Sunday, [Sept.] 16, [2001], the vice president is on [Tim Russert's] Meet the Press, and he utters the paragraph about "We are going to have to go to the dark side, Tim. The American people are going to have to understand we are going to go to the dark side to fight this enemy and do this threat." You live in the dark side. Was he talking about you when he was talking about the dark side, do you think?

Well, I don't know what that means. There is no one in the CIA who looks like Darth Vader. I guess we are the dark side in the sense that we are the clandestine service of the United States. We are the agency charged with carrying out covert action. If you don't want someone to do those things, go to the State Department.

This is an intelligence service, and therefore he may have had us in mind. But I think more broadly, ... he was saying this is a very unconventional enemy. This is an enemy who doesn't fight by the rules. This is an enemy that we've never faced before, certainly not on our own territory.

This is the big difference here from Pearl Harbor. We were attacked within a major American city on the mainland -- not that Pearl Harbor was not an attack on America, but it was a different type of attack by a conventional enemy. I think that is what he had in mind. ...

Until Americans and the world had the clarifying event of 9/11, it was beyond everyone's capacity to envision that we would go on the offensive in a country [Afghanistan] like that.

I don't think the real dividing line here is between the Bush and Clinton administration or anything like that. I think it is 9/11 itself. It was a clarifying event in a way that something like the atomic bomb being dropped was a clarifying event, in that that is when the atomic age began, not when physicists theoretically figured out something about atomic energy. Everyone could not visualize the enemy.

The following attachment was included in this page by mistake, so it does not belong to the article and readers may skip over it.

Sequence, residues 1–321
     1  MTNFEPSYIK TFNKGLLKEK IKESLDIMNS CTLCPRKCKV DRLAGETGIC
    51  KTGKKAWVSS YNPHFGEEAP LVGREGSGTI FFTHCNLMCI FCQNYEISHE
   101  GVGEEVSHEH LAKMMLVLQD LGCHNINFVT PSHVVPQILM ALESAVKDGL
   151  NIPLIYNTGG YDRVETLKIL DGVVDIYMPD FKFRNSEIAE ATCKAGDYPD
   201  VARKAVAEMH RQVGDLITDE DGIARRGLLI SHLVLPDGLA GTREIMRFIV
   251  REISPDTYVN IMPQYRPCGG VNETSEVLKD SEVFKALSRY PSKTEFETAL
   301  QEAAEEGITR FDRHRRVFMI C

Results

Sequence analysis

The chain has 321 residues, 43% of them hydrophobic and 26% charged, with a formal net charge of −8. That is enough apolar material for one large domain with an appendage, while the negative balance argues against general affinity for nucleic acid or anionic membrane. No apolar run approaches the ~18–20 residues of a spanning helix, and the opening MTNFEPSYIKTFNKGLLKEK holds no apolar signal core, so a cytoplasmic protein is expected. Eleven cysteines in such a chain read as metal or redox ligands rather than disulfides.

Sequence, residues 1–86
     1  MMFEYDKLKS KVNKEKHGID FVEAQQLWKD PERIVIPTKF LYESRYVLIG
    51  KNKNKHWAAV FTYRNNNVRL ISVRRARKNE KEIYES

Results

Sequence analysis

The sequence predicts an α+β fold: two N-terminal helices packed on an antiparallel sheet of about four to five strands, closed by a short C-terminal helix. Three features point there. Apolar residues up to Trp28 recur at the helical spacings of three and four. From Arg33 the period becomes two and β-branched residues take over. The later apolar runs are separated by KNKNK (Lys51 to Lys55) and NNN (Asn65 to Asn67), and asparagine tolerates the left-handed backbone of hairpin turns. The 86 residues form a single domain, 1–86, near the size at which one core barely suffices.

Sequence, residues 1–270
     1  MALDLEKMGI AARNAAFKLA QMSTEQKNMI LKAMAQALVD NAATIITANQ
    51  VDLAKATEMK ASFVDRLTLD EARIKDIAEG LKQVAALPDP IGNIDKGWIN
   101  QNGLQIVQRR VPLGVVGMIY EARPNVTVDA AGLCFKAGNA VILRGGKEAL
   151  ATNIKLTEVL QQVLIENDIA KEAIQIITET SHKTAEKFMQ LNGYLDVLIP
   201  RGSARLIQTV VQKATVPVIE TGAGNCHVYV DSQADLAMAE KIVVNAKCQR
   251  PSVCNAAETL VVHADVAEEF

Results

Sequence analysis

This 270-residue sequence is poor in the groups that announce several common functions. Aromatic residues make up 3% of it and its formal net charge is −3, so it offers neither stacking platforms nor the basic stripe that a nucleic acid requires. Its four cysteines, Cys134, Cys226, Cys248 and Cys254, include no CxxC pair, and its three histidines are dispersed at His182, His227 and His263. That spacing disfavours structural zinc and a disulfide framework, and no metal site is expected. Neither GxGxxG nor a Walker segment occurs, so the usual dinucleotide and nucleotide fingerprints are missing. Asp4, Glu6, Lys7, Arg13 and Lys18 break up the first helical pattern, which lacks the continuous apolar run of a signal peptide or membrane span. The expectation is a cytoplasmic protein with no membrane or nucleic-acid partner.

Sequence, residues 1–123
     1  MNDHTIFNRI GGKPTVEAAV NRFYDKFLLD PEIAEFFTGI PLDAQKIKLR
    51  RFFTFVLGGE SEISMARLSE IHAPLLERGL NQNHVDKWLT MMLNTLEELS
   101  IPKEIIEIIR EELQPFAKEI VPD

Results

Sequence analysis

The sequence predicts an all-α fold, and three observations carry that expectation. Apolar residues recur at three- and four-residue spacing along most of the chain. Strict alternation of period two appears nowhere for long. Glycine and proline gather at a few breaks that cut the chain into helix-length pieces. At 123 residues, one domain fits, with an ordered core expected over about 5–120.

On Sept. 21, it has been reported, now 10 days out, that the CIA tells the president or tells whoever it is that you can find -- "no connection between Saddam Hussein and Al Qaeda." In a way saying: "This is not fertile ground there ... looking for state sponsorship of terror." Do you remember that?

... We certainly said that. I just don't remember the dates. We said at some point in the timeframe that we had no evidence linking Iraq to Al Qaeda and to those attacks. ...

When are you aware, then, that the president of the United States is very interested in Iraq, do you remember when you first heard about it?

... Sometime in 2002, it becomes apparent that the administration is increasing its focus on Iraq. The vice president's speech in the summer, I believe in August of 2002, makes clear that he's expressing a high level of concern about the dangers Iraq poses. ...

Is a speech like that vetted through the CIA? Would he have come to you and been briefed before he went to do it and [said] the things he said?

To my recollection, that particular speech was not vetted through us.

Would they have been normally?

Not at that point. At that point, speeches were vetted through us episodically when someone felt the need to do so. But we were not at the point that we eventually arrived at, of looking pretty carefully at any speech on a subject like that.

So it's the spring of 2002, sometime in the early summer. Things are cooking. The Department of Defense has started their counterterrorism information-gathering, alternative intelligence agency. Tell me what you know about those guys.